Meanwhile, like that unsuspecting fish you see in Blue Planet II swimming around and minding its own business, before being snatched by the bobbit worm and subsequently devoured, Bryan faithfully washed the dishes every day and patted himself on the back for being such a good team player.

One day, as the dish brush was again left in the sink, it was too much for Lisa to take. So she killed Bryan. The end. Thanks for reading our blog!

Just joking. One day, as the dish brush was again left in the sink, it was too much for Lisa to take. She told Bryan to put the dish brush back in the jar. Bryan could tell that he was in dangerous territory. He had a feeling there was a bobbit worm lurking in the shadows, perhaps just around the corner.

But he also felt defensive, so he told Lisa that at least he had done all the dishes – wasn’t that the point, anyway? And that the dish brush was fine drying in the sink; it’s not like the mason jar really did anything particularly important.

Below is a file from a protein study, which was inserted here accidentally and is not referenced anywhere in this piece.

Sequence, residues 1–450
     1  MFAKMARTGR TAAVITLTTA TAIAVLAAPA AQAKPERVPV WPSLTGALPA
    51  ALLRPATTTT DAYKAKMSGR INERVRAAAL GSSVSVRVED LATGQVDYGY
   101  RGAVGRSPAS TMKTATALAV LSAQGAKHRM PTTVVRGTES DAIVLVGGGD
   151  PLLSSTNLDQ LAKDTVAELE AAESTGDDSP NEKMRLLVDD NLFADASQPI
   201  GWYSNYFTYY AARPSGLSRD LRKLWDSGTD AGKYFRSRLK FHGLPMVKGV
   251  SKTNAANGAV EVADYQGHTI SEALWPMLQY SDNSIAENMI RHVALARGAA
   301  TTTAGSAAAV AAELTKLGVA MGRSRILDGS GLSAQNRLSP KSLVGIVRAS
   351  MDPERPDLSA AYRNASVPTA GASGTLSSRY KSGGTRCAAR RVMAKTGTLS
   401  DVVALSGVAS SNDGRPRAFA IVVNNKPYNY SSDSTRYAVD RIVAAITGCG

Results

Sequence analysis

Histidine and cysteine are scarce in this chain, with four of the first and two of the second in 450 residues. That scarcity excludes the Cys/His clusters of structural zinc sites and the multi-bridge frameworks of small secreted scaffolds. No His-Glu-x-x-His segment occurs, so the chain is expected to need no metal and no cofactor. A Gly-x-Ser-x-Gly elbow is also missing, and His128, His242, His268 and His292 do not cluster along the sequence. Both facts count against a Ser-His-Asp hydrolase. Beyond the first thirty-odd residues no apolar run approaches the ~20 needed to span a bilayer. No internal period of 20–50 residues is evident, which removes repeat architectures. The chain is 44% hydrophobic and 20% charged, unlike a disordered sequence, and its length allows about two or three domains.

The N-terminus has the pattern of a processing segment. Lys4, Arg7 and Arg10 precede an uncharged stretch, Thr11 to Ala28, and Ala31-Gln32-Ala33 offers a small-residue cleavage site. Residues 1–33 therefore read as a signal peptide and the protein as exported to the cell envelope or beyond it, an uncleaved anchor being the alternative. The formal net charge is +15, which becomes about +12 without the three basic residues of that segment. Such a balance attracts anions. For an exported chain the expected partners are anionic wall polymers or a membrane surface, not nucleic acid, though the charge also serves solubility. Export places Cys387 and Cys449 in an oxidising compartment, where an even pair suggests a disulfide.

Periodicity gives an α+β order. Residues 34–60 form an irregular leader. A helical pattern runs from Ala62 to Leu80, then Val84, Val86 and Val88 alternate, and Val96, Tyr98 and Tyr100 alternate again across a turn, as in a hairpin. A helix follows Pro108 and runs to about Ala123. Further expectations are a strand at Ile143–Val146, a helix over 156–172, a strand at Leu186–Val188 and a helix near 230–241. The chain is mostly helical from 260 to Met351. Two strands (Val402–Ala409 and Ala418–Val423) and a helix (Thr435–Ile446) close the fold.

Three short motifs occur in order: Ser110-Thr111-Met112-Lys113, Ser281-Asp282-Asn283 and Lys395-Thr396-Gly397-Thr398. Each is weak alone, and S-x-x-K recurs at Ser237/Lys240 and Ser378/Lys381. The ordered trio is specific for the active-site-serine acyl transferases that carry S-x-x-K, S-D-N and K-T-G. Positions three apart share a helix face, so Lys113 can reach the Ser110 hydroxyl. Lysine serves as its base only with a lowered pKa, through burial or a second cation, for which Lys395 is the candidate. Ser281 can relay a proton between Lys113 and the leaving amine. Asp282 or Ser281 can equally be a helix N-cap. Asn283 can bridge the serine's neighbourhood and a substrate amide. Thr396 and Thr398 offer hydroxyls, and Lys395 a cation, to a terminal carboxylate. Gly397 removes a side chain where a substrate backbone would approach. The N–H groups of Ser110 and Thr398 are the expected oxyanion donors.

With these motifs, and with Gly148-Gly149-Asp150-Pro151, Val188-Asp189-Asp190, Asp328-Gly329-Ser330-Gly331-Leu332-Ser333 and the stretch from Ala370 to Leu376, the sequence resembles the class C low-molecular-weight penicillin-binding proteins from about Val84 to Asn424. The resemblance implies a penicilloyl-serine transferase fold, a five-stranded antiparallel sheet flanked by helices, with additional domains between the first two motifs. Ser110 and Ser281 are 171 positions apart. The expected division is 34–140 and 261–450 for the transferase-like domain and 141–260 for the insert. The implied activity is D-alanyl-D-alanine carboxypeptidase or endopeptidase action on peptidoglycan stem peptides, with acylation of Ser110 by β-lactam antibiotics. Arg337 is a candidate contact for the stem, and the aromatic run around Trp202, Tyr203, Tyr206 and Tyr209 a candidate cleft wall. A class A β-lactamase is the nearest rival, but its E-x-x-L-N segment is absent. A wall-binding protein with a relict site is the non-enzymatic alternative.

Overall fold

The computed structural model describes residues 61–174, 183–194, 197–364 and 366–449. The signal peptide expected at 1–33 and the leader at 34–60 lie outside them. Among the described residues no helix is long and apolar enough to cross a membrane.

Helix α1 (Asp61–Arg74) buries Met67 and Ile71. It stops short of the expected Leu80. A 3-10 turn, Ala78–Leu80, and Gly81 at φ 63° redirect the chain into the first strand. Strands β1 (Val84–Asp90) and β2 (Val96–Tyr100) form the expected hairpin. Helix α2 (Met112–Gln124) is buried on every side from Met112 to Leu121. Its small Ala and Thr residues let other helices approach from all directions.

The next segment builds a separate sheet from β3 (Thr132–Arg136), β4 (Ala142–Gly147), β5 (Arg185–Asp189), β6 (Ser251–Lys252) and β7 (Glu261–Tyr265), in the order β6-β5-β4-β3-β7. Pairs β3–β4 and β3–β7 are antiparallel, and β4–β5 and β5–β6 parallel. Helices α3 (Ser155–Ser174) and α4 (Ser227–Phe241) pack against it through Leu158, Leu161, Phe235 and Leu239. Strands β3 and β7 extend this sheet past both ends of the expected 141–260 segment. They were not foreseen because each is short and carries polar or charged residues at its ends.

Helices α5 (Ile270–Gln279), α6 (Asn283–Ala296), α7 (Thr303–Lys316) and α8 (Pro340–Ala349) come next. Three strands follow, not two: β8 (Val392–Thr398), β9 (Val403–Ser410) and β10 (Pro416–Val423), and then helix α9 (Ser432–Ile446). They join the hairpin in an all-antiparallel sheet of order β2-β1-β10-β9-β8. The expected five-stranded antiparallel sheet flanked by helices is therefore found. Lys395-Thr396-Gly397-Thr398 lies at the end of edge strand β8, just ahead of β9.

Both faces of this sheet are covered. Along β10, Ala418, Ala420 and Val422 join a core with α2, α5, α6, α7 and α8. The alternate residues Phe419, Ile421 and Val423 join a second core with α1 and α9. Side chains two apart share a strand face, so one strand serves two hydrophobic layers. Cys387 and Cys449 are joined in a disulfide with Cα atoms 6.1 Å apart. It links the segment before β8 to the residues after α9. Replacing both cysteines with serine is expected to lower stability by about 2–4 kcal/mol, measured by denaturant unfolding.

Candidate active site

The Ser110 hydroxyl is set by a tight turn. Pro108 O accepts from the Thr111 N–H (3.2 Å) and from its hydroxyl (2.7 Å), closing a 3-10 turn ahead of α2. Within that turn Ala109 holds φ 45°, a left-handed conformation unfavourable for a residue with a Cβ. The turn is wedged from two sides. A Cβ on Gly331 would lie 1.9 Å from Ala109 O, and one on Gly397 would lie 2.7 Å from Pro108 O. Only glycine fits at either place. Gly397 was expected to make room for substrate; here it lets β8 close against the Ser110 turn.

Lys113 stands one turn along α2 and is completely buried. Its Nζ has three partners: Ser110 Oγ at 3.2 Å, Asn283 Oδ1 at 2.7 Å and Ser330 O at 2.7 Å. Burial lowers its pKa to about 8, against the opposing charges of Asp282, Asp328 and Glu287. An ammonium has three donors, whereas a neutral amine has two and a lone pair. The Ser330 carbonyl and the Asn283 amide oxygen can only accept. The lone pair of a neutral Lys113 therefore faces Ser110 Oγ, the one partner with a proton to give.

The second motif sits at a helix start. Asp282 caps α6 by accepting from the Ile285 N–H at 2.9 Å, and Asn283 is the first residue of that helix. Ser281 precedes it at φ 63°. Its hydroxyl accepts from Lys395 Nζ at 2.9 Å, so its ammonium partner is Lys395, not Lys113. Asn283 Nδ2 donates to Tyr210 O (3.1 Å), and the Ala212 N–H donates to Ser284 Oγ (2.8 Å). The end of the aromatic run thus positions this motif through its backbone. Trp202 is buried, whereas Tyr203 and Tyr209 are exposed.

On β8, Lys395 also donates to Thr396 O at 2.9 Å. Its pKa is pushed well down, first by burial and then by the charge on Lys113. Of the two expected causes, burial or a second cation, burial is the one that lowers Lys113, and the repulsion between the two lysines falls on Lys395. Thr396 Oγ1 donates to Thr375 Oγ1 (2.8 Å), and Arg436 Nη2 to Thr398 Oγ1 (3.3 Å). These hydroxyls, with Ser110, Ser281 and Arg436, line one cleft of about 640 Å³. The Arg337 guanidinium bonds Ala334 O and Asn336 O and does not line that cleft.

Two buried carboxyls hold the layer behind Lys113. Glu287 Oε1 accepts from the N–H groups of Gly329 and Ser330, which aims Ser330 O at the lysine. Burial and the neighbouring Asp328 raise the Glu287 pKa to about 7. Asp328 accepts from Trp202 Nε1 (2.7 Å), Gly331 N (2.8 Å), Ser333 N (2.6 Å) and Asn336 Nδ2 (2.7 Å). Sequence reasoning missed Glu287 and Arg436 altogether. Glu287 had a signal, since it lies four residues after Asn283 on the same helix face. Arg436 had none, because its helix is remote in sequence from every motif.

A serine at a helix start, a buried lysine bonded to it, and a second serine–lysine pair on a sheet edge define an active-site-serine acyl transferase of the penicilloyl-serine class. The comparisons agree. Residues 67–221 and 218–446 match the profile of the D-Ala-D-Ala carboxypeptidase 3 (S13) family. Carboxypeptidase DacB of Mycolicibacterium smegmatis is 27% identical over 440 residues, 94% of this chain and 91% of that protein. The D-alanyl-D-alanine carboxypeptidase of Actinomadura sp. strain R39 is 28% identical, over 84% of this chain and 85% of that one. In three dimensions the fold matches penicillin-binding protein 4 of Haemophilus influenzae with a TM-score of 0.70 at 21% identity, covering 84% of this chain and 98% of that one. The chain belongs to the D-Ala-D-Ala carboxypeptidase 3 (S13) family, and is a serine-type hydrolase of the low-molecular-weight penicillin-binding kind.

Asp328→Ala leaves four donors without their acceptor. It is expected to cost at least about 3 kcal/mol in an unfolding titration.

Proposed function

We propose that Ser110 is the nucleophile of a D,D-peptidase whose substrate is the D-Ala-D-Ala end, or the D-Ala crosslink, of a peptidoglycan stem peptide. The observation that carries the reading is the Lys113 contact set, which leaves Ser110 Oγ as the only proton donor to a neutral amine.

Lisa wondered why Bryan couldn’t do this one simple thing – if he really cared about her, couldn’t he make the minimal amount of effort required to move the dish brush to its home where it could properly dry and avoid further contamination?

The disagreement quickly grew legs, with neither of us backing down from our positions. We were soon doing the normal relationship argument things.

The normal relationship argument things:

  • Raising voices
  • Liberal use of absolute statements, like “you always do X” or “you never do Y”
  • Bringing in unrelated past disagreements or past slights, real or imagined
  • Attributing the other person’s actions to some sort of malicious intent, or at best a lack of caring